Learn about Flambe / Sung Ware
Flambe glazes, termed "sang-de-boeuf" (ox blood) were in use by the Chinese from the 11th century, and the effect was achieved by using copper oxide as a colouring agent and firing the object in a reducing atmosphere.
The Chinese continued using these glazes; in the 18th century the red glaze was often slightly streaked, or included blue bleeds and these wares were prized by collectors in the 19th century.
European potters were not able to master the technique until the early 20th century. The Royal Doulton company employed the potter Bernard Moore, who had been experimenting with flambe glazes for many years, as a consultant.
In 1904 the company was able to produce its first flambe wares, and they were exhibited at the St. Louis World's Fair in that year. As well as vases and bowls, around 1908 Doulton commenced producing animal figures with a flambe glaze and production of flambe wares continued during the 20th century. Over 2,000 different animal figures were produced over the years.
In 1920 Doulton under designer and artist Charles Noke, introduced "Sung" wares, which used a flambe glaze together with painted and gilt decoration. more...
Learn about Royal Doulton History
The Doulton factory was established in 1815 in Lambeth, South London by John Doulton (1793 - 1873), who had previously been employed at the nearby Fulham Pottery. He initially had two partners, Martha Jones and John Watts, the former of who left the company in 1820, and the latter in 1854.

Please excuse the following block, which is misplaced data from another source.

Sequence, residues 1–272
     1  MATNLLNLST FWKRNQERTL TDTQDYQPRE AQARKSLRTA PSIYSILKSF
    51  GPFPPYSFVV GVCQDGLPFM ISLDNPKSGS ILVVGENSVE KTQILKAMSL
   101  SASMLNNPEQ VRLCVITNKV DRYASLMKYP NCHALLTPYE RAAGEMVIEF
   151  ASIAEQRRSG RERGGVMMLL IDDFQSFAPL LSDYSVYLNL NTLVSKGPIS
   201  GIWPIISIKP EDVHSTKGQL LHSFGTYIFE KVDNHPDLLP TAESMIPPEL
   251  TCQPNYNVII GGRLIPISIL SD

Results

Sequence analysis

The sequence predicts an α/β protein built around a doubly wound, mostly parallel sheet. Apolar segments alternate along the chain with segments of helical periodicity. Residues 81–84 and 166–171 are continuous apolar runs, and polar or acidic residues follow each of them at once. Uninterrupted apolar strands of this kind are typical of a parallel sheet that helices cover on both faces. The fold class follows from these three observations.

He began by producing practical and decorative stoneware, such as bottles and sewer pipes from his small pottery
John's son Henry (1820 - 1897) joined the company in 1835 and the production of stoneware items was expanded to include laboratory articles, sanitary ware and drainpipes, which were sold worldwide.
In the mid 1850s John Doulton began experimenting with a more decorative pottery items. Many glazes and decorative effects were developed including faience, impasto, silicon, carrara, marqueterie, chine, and rouge flambe.
From about 1860, Doulton began to revive earlier types of stoneware, such as copies of 18th-century vessels. The famous salt-glazed wares with blue decoration first appeared in 1862.
Through Henry Doulton, the pottery became associated with the Lambeth School of Art directed by John Sparkes from about 1866. more...